The focus of this presentation is on the experience of the project in bringing about cultural
change in the math teaching environment by establishing, developing, and maintaining and
sustaining Professional Learning Communities (PLCs) within the mathematics departments at
each of the TASEL-M schools. The work of Richard and Rebecca DuFour and others on
Professional Learning Communities was a model for applying the concept to departments of
mathematics as well as to groups of teachers who taught the same middle school or high school
course. The books, On Common Ground, and Whatever It Takes,
were among those used as
readings for the teachers when they were developing their PLCs.
Nationally, the PLC model has proven to be useful in helping teachers work together as a team to
increase student achievement in mathematics. "Teachers must work in collaborative groups that
provide time for articulating and clarifying the lesson, assessing the delivery of the lesson, and
reflecting upon the impact of the lesson on student learning" (DuFour, DuFour, Eaker, &
Karhanek, 2004). Key discussion points include: What do we want all students to learn? How
will we know when students have learned it? How do we respond when students don't learn? As
a result of these collaborative groups - Professional Learning Communities (PLCs) - schools,
teachers, and administrators change practices (Whatever it Takes
, DuFour, et al., 2004).
Teachers are asked to:
- Commit quality time to analyzing student work and learning processes,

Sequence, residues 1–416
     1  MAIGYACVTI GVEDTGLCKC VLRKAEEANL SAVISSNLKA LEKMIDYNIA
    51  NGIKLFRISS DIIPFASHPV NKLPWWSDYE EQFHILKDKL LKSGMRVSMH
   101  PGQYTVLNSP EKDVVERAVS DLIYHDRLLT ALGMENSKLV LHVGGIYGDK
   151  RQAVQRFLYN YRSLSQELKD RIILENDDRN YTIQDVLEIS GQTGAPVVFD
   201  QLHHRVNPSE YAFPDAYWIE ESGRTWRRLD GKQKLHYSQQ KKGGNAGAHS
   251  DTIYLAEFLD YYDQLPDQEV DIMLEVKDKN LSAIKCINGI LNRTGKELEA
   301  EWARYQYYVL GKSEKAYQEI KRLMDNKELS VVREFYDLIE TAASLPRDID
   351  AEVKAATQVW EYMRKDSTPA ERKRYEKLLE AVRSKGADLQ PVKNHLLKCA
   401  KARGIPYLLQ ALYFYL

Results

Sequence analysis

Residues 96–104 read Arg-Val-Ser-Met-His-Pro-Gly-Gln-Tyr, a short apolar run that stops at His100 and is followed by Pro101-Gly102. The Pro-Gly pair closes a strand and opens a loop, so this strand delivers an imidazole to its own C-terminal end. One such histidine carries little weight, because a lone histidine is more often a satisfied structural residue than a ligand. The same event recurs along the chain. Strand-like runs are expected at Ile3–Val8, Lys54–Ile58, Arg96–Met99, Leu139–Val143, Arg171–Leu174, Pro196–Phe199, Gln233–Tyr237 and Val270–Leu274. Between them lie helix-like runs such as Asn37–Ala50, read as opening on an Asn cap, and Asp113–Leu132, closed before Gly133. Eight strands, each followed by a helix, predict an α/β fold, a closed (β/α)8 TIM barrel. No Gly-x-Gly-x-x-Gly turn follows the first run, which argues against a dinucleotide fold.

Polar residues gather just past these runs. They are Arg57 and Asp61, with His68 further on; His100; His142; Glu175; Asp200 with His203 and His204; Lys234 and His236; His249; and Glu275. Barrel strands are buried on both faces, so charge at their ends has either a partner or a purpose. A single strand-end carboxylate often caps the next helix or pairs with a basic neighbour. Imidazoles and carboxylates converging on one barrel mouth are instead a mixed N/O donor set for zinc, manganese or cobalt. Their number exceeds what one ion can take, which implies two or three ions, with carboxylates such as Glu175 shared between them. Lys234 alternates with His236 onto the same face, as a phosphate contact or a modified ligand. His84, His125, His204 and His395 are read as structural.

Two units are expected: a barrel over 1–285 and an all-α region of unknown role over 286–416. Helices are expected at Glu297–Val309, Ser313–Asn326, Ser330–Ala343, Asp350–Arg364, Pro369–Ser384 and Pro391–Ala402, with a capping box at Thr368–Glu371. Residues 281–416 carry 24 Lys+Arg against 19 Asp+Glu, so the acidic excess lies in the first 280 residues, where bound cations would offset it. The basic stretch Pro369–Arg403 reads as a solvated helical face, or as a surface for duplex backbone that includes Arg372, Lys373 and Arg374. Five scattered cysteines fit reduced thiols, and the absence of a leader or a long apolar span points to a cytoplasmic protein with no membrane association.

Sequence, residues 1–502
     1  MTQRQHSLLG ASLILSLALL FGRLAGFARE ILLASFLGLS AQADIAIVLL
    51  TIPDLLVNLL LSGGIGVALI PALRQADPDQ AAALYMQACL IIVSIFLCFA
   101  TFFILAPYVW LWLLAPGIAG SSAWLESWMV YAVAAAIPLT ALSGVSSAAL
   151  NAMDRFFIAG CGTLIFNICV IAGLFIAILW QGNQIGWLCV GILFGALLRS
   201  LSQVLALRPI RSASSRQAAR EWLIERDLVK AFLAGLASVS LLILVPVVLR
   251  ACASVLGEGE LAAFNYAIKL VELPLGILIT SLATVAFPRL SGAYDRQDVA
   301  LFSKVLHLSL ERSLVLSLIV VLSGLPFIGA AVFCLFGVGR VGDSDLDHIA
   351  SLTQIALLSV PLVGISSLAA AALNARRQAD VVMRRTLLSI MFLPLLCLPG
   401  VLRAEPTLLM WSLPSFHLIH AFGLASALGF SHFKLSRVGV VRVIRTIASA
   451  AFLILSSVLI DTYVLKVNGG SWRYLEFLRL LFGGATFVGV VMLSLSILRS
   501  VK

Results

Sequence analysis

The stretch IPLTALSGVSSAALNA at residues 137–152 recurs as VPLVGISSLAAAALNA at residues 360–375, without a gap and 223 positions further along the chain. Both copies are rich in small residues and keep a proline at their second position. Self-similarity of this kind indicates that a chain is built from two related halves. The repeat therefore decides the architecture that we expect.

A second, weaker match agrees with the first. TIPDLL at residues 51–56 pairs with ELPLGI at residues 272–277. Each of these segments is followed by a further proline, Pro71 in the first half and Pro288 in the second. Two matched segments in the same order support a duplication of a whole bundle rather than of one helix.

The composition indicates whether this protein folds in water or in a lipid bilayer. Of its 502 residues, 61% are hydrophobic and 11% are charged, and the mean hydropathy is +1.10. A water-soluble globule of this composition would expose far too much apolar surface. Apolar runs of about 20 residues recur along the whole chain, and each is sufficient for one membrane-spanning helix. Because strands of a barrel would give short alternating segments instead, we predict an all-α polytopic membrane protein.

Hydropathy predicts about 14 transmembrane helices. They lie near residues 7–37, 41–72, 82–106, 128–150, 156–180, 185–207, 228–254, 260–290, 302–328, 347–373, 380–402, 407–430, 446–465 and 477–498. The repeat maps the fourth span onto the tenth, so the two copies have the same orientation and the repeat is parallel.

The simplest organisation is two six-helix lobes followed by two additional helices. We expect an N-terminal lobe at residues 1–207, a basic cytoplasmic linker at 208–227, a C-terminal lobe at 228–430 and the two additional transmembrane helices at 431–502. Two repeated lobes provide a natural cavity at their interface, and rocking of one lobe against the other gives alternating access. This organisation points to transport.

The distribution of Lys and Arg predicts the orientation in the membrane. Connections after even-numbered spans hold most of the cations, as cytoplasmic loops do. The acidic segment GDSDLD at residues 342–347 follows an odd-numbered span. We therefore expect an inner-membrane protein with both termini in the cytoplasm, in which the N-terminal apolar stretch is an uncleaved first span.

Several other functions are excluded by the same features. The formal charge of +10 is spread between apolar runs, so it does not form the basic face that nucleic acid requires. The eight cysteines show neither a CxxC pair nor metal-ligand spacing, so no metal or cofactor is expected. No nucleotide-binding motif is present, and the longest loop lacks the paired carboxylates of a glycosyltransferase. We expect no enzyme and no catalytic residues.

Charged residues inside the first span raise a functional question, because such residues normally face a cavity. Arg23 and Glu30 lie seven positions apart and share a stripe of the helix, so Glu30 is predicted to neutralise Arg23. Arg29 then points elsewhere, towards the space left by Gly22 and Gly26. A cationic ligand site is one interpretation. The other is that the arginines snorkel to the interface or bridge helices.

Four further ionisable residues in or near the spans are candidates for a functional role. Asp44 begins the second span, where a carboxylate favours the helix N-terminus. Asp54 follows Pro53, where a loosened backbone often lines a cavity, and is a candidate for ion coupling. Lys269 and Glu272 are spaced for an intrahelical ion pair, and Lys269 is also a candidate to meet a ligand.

- Combine mathematical skills with deeply connected conceptual understanding,
- Cultivate a culture of shared responsibility for learning, and
- Collaborate with colleagues and embrace professional development opportunities.
The process of developing PLCs proceeded in stages over the five years of the grant, beginning
in 2003 and ending in 2008. During this time the project used data to stress the need for teacher
collaboration in order to provide opportunities for all students to learn mathematics.
Specifically, using data allowed the teachers to discover sub-groups of students who were being
underserved or who were underperforming. The onus was on teachers to figure out how to
provide a mathematics program that could address the issues revealed by the data, with the
support of their site principals, and the help of the coaches and Faculty Partners. PLCs were used
to provide content and pedagogy, especially during the design of common lessons.
Target: Mathematics teachers (approximately 120) in 11 schools (4 High Schools and their
feeder Middle Schools) in low performing schools in Orange County, California.
- Engage 4 full-time coaches to work in each of the 4 school clusters, each aided and supported
by a California State University, Fullerton Faculty Partner from the Department of
- Provide specific instruction to both teachers and school administrators on what is involved in
establishing and maintaining effective PLCs through guest speakers at summer PD events.
- Offer ample opportunities for teachers to begin collaborating during the summer, and to
continue collaboration regularly throughout the school year.
- Encourage each PLC to continually revisit and improve upon common agreements, action
plans and common assessments.
- Develop leadership within each PLC, and gradually turn much of the work done by the
coaches over to the teacher-leaders.